The Chernobyl Accident and its impact on Belarus. by Michael Yohnk ( [email protected] ) Geography 308 Geography of Russia and Eastern Europe University of Wisconsin-Eau Claire Professor Zoltan Grossman Spring, 2005. http://library.thinkquest.org/20331/images/chernsite.jpg.
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-In Northern Ukraine
-10 miles away
-80 miles North of Kiev
and #6 were
Saturday, April 26, 1986:
-Reactor #4 was undergoing a test to test the backup power supply in case of a power loss.
-The power fell too low, allowing the concentration of xenon-135 to rise.
-The workers continued the test, and in order to control the rising levels of xenon-135, the control rods were pulled out.
-The experiment involved shutting down the coolant pumps, which caused the coolant to rapidly heat up and boil.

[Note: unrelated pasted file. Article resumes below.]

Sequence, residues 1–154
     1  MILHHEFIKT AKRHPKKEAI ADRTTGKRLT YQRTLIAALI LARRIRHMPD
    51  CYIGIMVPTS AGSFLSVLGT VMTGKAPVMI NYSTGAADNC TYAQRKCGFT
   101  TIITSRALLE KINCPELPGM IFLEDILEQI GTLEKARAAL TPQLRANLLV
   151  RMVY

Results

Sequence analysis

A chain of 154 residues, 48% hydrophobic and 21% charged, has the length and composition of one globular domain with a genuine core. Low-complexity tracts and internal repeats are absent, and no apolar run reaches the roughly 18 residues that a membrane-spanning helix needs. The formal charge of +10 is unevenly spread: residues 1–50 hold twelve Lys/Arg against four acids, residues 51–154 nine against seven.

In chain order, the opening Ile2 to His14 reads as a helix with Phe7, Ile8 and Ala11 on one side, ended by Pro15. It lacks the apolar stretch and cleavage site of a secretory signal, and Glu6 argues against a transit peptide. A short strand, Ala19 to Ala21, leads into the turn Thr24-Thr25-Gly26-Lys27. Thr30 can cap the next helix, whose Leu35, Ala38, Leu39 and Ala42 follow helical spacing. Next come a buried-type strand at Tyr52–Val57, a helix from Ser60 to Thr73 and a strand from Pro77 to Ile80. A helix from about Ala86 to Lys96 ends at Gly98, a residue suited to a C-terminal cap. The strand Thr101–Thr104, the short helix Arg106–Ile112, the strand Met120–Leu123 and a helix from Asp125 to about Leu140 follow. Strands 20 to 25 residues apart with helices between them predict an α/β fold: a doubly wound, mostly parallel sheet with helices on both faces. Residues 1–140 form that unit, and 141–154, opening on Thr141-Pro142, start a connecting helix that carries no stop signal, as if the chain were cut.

-Pockets of steam formed in the coolant lines. When the coolant expanded in this particular design, the power level went up.
-All control rods were ordered to be inserted. As the rods were inserted, they became deformed and stuck. The reaction could not be stopped.
-The rods melted and the steam pressure caused an explosion, which blew a hole in the roof. A graphite fire also resulted from the explosion.
-To save money, the reactor was constructed with only partial containment, which allowed the radiation to escape. 13%-30% of the material escaped.
- 203 people were hospitalized immediately. 31 of them eventually died. Most of these people were workers in the plant or local firefighters.
- NW winds from the Black Sea carried the radiation for miles in the following days. Scandinavian detectors picked up on the abundance of radiation, but the Soviet government denied everything.
West and Northwest Winds
Approximately 300,000 to 600,000 liquidators were involved in the cleanup of the 30 km evacuation zone around the plant in the years following the meltdown.
Impact on Belarus
-50,000 people from Pripyat, Ukraine were evacuated 2 days after the accident.
Abandoned city in southern Belarus
Pripyat River in Belarus
Abandoned road in Belarus